Some 10 years before Grant Morrison will embark on his epic Vertigo comic series Invisibles, John Smith and all readers of 2000AD had Indigo Prime. Running along similar lines but much more accessible, Indigo Prime is an extra-dimensional agency dealing with repairing breaks and distortions across the multiverse. Spending days in their base situated outside multiverse and time itself, Indigo Prime agents ended up doing some of the strangest adventures I had pleasure to read. Sadly, first run of Indigo Prime ceased publication in 1993 but quite unexpectedly in 2008 John Smith returned with Dead Eyes.
Dead Eyes starts rather inconspicuously with the British soldier being a mission in Iraq. Caught in the gas attack, soldier ends up back in at Porton Down (military science park) in England where he is subjected to numerous experiments. Soon enough strange lights appear in the sky and other multiverses start (along with Neanderthals with a panache for telepathy) to leak through. By the last page of Dead Eyes I got this huge grin when I realised where this is all going and that somehow John Smith managed to bring Indigo Prime back in the 2000AD fold. It wouldn't be fair if we didn't mention fantastic art by Lee Carter, which is definitely some of the best I have ever seen in 2000AD. Gloomy and murky colouring definitely matches the chaos and uneasy sense of the reality going bonkers.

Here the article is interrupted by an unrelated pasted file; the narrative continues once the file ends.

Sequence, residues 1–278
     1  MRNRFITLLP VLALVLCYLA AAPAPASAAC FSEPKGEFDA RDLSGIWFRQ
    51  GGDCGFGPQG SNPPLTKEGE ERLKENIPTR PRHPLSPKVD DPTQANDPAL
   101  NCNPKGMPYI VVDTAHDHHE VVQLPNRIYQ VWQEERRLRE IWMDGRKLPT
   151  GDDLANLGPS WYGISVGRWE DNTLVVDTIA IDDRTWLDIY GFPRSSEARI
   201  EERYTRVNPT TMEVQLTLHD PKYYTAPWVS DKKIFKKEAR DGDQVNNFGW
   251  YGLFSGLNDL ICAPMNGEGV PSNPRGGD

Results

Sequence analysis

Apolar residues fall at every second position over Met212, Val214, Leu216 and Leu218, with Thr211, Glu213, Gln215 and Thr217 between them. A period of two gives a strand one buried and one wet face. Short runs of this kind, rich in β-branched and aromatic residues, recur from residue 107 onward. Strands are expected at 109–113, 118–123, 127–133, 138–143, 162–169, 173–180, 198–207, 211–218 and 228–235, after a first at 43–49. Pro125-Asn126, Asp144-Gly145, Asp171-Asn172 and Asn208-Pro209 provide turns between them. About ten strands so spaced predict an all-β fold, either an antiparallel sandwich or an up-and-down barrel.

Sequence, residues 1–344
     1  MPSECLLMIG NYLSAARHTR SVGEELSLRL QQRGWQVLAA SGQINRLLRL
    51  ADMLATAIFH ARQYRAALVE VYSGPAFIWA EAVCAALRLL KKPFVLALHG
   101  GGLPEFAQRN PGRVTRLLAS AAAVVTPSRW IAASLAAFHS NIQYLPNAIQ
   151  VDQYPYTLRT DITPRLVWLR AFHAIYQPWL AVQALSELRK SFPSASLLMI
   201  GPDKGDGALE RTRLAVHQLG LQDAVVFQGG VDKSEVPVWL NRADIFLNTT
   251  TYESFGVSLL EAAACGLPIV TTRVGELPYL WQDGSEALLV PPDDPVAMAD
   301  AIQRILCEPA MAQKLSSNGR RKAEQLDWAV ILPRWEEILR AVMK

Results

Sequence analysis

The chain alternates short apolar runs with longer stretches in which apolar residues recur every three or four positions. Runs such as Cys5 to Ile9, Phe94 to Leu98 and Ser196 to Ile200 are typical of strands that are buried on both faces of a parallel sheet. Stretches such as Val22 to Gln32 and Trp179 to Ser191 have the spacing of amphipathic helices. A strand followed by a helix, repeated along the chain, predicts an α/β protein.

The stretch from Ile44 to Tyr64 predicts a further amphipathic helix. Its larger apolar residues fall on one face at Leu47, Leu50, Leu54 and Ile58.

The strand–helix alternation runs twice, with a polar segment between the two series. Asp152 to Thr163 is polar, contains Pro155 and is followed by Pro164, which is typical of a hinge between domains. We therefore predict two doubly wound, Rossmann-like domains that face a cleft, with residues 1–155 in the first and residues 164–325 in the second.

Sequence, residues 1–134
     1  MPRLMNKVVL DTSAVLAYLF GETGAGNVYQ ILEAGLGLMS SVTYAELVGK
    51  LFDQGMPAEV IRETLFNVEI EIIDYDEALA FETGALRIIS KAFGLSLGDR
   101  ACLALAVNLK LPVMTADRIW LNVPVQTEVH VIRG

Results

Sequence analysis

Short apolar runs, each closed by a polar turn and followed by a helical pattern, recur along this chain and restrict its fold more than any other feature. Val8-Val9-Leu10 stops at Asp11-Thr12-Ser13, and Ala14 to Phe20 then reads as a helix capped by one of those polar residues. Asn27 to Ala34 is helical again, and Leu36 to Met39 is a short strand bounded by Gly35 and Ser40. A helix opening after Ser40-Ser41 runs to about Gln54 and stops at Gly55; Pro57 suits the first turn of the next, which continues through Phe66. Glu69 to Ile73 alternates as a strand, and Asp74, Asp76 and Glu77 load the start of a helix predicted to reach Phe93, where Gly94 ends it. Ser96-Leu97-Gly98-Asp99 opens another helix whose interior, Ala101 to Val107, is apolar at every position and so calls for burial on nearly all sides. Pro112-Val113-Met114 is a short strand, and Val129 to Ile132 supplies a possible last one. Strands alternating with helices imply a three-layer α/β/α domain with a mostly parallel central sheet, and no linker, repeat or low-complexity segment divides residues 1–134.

Skip forward to 2011 and this time John Smith is back with two full fledged Indigo Prime stories. Both of them, "Everything and More" and "Anthropocalypse" are simply amazing. "Everything and More" deals with Danny's introduction to Indigo Prime and his multiple psychotic failures while dealing with his new found reality while "Anthropocalypse" is unique mind-bending trip trough multiverse. As ever, art is simply unbelievably good.
Leaving a space for more stories, "Anthropocalypse" is stunning collection from some of the most talented British writers and artists. We just hope that this time we won't have to wait 10 years for more.